The numerals that arose in México and Central America (Figure 5) have been considered in the world as a great system of high rationality, emphasizing its quantitative value. But the qualitative value of the metaphorical message in the above context gives a different dimension to the mathematical interest of their creators. The meaning these symbols had for the Anáhuac people were linked to their enjoying a life of increasing plenitude, with the “supreme consciousness” of a harmonious existence.

They used a numerical system with base 20, the vigesimal system, with a positional value and a symbol for zero. The system used by the Mayas was more advanced than that of other civilizations, because they solved situations of space in big numbers, which allowed them to recognize the magnitudes of the expressed numbers and to optimize the process of thinking. It is interesting to note that the most ancient evidence of the concept of zero and of its positional value comes from them too.

The Náhuatl civilization used the vigesimal system, probably learning from

Figure 4. Chinampas, small land built on the lake for the farming system in Tenochtitlan.

Figure 5. Map of the Mesoamerica area.

the Toltecas, who were influenced by the Maya. Everything coincides until the number 19, since for 20 they used signs that show the message of the way for transcending.The Náhuatl people had a process of learning from the beginning of the pilgrimage in 1111 until the foundation of Tenochtitlan in 1325. The Náhuatl numbering system corresponds to the observation, contemplation, visualization and communication of a figurative symbolic code of human activity.

3. Symbolisms of Some Numbers

The symbol of the zero can be seen in many artefacts of the ancient inhabitants of the American continents and is represented by an empty snail shell (Figure 6). When a snail dies it stays in its shell, which announces that a cycle of life has finished.

In the language of the Náhuatl, the number two is translated as ome. In the metaphorical interpretation of the “mathematical” Náhuatl language, ome means the essence of the equilibrium, a moment when part of energy converts into matter. This shows a principle of duality, manifested in people, in nature and in the cosmos. The human being, for example, requires the existence of the duality between man and woman, likewise we can think of duality between life and death and matter and energy. In the human body, the two is constantly manifested. We have the two hemispheres of the brain, two ears, two nostrils, two arms, two hands and two legs. We can say that a totality is formed by two corresponding and opposite strengths. With its basis in this principle, the Náhuatl civilization created the philosophical concept of Omeyotl (ome, two-yotl, creation): the eternal dual meaning of matter and energy; the origin of the universal whole.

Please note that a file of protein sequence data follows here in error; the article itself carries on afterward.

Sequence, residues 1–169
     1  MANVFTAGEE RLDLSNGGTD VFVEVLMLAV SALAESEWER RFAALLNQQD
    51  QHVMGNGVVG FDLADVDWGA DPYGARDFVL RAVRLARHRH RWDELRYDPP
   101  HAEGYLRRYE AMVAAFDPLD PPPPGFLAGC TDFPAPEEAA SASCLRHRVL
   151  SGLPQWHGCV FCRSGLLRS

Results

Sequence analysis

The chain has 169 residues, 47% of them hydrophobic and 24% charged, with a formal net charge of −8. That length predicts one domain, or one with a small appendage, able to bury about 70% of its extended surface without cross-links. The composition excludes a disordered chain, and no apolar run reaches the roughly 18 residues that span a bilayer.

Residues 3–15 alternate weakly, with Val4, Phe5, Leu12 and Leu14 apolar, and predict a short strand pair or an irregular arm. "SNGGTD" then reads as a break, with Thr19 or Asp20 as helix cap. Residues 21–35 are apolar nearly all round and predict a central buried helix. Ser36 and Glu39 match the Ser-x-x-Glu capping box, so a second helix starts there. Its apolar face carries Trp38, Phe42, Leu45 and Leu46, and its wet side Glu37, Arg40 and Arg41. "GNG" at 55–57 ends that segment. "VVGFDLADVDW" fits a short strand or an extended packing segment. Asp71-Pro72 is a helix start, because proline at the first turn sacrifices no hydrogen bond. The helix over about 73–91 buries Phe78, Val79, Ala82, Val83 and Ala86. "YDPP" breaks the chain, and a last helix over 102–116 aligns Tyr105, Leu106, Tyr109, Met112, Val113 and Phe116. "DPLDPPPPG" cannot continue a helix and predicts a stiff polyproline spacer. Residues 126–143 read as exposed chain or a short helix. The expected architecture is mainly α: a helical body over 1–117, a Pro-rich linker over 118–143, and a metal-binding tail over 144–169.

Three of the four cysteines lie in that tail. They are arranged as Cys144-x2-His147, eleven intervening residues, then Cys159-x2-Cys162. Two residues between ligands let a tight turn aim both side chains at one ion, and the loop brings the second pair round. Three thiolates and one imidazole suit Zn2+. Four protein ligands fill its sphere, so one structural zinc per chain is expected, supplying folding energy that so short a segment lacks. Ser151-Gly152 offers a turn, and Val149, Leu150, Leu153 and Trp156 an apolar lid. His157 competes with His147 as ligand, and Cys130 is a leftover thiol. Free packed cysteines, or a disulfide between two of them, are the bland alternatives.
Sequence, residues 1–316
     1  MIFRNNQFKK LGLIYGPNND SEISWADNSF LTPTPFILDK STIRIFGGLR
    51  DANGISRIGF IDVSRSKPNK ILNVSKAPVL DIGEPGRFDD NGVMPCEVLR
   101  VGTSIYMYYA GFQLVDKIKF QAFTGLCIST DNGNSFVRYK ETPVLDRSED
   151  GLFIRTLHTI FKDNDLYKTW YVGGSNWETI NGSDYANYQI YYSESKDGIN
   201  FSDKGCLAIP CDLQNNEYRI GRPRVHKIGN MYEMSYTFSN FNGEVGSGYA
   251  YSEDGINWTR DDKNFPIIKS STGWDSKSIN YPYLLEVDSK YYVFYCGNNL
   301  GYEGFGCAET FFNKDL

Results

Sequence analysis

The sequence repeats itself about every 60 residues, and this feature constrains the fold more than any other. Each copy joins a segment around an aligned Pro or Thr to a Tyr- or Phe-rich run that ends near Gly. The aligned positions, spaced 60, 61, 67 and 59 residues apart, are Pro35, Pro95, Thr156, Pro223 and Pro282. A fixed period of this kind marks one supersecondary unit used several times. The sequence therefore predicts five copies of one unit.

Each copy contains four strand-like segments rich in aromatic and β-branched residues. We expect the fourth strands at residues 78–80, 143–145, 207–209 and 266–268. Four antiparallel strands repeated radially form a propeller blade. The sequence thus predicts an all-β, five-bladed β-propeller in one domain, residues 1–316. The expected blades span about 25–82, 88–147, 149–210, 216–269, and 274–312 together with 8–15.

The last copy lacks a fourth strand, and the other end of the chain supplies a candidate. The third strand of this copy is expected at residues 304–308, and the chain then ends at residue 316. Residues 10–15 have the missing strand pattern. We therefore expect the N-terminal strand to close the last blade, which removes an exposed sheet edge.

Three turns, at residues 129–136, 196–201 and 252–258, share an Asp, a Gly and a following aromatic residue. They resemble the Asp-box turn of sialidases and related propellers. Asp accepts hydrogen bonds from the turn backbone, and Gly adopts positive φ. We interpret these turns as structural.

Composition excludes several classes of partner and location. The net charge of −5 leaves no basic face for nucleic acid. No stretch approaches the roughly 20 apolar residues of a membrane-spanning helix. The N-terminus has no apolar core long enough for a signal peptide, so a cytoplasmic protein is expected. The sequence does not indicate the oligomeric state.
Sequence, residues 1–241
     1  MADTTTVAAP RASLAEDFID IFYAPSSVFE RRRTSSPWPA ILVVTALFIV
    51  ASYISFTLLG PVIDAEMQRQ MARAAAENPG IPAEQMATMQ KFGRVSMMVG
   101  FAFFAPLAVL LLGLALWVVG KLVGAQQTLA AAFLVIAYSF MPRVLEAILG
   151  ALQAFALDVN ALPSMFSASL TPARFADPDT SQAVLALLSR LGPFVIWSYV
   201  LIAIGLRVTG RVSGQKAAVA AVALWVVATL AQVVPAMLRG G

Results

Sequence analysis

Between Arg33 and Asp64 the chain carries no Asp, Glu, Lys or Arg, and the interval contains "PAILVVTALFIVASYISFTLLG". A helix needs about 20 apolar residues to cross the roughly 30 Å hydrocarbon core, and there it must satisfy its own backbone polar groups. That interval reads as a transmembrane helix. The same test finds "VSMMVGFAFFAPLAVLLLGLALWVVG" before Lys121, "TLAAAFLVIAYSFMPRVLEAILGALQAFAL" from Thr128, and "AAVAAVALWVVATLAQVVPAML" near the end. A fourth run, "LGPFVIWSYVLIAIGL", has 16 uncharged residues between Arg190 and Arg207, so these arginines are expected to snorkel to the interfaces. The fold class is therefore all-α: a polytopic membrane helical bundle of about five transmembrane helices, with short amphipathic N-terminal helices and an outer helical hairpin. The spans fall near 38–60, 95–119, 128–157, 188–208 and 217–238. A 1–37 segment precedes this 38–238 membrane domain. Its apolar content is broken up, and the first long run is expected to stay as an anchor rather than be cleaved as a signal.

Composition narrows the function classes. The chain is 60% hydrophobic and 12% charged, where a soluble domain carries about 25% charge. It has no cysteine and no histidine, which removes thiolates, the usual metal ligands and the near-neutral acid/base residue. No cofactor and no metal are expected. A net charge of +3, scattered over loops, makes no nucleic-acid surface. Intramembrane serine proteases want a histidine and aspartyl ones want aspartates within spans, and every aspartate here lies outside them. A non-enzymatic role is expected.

Four is the number that represents the formation of the universe and the complete bodies that join in the whole. As the principle of the creation, the dual meaning is geometrically composed of two lines that (when they join) constitute the crossing that gives form to four regions. The four points that originate the foundational directions in the space are the points from the solstices, called cardinal ones. Theman/woman forms a square with his/her extremities (Figure 7).

For the Náhuatl, the number seven is linked to the representation of Chicomecoatl, which is a way of describing the flourishing of the corn seed into a cob. Metaphorically, Chicomecoatl can be seen as the origin of the seed of the human being, inside the cavity of the Mother Earth, formed in a flower of seven petals.

The ancient Mexican people perceived the vertical way of expansion in the human being as following the same logic as that of the growing Universe (Figure 8). In the human being, this way is seen by making the analogy with the thirteen joints of the body (Figure 9). The Náhuatl language describes this process as “aztliahmikiyan”―“the ascendant which is obtained with wisdom”.

The number thirteen is seen as a symbol of expansion and simplicity of harmony. When we sum the first 13 natural numbers, we obtain 91.

$\text{1}+\text{2}+\text{3}+\text{4}+\text{5}+\text{6}+\text{7}+\text{8}+\text{9}+\text{1}0+\text{11}+\text{12}+\text{13}=\text{91}$ .

Figure 6. Image of a snail, corresponds to the Maya symbol of zero.

Figure 7. Image of hands and feet, representing the twenty units.